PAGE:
Poor Chucky is no more because It was a transmogrifying bee/Came droning down on Chucky’s old bald head/And sat and put the poison/ The crying girl appeals to all of us “Wake her from her sleep!” And would not be instructed in how deep/ Was the forgetful kingdom of death.// T. S. Eliot, in Whispers of Immortality tells us: Webster was much possessed by death/And saw the skull beneath the skin;/ And breastless creatures underground/ Leaned backward with a lipless grin// .)
I first read Piazza Piece as a student at Trench House in early 1971. Half a century later, I returned to the poem to see if I could craft a song from its materials. You may judge how close I come to encompassing the world of the sonnet, in this waltz-time composition. [insert song]
I think the first logo was actually daubed on the entrance to a cave-dwelling and the prehistoric tribe got to know that this was the doorway to desire. What the mechanism of exchange was, I don’t know for sure, nor whether the desire advertised was carnal or spiritual, or, perhaps, both. But fast forward to 1389, where King Richard II of England passed a law requiring establishments that brewed beer to hang a sign indicating what they did (or risk having their ale confiscated). This led to businesses differentiating themselves by adding heraldic images to their signs. One pub would become The Green Dragon, another the Two Cocks.
And talking of ale, when I was last in Auckland, New Zealand, before the pandemic made trans-Tasman jaunts a thing of the past, I visited The Shakespeare Hotel in Alfred Street and bought a Tee-shirt featuring a quote from Henry V Act 3 scene 2, I would trade all my fame for a pot of ale. We incautious consumers are invited to imagine that this is the Bard himself speaking, or some other illustrious personage. The truth is less uplifting: shall I enlighten you? We find three wastrels, about whom I have written in earlier posts. Pistol, Bardolph and Nym, who, in their usual cowardly fashion, are hanging back from the siege of Harfluer- this was a real event which took place between 18 August – 22 September 1415. They are with a boy with no name- and it is he, who utters the well-known saying. His full utterance was: Would I were in an alehouse in London, I would give all my fame for a pot of ale and safety.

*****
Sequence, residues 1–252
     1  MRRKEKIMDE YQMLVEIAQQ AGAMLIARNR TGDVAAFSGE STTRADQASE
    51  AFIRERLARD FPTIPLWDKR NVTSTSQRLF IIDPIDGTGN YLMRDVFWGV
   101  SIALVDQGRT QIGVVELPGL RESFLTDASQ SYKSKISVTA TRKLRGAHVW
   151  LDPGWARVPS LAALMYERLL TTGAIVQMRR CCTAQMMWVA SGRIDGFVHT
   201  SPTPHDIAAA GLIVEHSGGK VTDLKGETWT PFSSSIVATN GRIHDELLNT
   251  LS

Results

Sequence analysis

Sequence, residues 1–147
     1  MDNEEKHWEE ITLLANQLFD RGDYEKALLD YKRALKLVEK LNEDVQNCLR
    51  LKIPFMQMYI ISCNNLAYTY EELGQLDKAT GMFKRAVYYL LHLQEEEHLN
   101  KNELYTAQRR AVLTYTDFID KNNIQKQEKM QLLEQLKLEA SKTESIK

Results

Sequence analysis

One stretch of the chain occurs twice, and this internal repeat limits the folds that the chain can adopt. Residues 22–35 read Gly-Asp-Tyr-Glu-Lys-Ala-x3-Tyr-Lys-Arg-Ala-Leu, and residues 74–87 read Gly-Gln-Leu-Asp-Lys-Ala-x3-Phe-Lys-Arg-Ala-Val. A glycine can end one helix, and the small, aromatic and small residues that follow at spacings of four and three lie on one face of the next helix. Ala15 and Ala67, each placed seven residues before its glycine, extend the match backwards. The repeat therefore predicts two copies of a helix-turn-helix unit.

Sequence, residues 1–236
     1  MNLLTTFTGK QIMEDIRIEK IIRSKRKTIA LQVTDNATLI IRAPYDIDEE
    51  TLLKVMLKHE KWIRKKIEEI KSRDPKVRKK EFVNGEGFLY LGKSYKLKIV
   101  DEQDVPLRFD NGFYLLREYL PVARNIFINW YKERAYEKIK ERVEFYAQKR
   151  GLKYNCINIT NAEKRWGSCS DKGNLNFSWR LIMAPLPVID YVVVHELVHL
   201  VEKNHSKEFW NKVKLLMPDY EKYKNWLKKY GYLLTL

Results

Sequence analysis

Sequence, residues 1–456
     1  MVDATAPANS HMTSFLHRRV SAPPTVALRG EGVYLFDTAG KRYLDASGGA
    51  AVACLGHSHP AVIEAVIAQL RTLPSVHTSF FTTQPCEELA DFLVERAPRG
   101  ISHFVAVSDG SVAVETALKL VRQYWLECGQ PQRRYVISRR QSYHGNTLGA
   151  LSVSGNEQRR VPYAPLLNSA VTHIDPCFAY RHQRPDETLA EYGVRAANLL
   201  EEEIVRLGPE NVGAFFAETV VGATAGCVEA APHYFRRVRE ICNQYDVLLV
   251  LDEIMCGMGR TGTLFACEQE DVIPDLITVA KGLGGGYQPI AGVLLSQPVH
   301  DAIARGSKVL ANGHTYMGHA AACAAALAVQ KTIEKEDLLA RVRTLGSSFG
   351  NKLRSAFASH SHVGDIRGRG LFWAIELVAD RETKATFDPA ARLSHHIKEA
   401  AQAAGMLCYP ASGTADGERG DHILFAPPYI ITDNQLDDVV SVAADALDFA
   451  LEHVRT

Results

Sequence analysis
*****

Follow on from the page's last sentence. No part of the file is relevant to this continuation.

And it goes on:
Somewhat anachronistically, I imagine that the sign swinging outside the alehouse referred to by the boy and counting among its patrons the scoundrelly trio Pistol, Bardolph and Nym, I imagine that the swinging sign features a white feather. So, be careful what you buy into! How does that old Latin admonition go? Caveat emptor! Buyer beware. By the time Frank Mason Robinson designed the Coca Cola logo in 1885 the gentle lapping waves of logos from earlier times became a tsunami which is still washing over the globe today. Which one of us, amidst the churning surf of brands we are caught up in, is not wearing something that corporations have spent billions persuading us to consume.
Listen now to, Logoland, as I inform you that, for the first time since the end of 2019, I am taking my wife and daughter on a cruise to New Zealand where I hope to revisit The Shakespeare Hotel in Alfred Street, Auckland. I will, yet again, (GOD willing) trade all my fame for a pot of ale! [insert song]
The footnotes continue next week with an examination of circumstances with which I have only a fleeting experience from my years in Belfast during The Troubles between 1968 and 1972. There was civil conflict, explosions and multiple casualties, no doubt. But nothing that could compare to the horrors we watch daily on our newsfeeds from Ukraine since the Russian President, Vladimir Putin decided to invade a sovereign country on February 24th, 2022. Let us pray for peace in our world.
Credits: All written text, song lyrics and music (including background music) written and composed by Quentin Bega unless otherwise specified in the credits section after individual posts. Illustrative excerpts from other texts identified clearly within each podcast. I donate to and use Wikipedia frequently as one of the saner sources of information on the web.
Technical Stuff: Microphone- Shure SM58; (for the podcast spoken content) Audio Technica AT 2020 front-facing with pop filter); Apogee 76K also used for songs and spoken text
For recording and mixing down: 64-bit N-Track Studio 9 Extended used; Rubix 22 also used for mixing of microphone(s) and instruments
Music accompaniment and composition software: Band-in-a-Box and RealBand 2022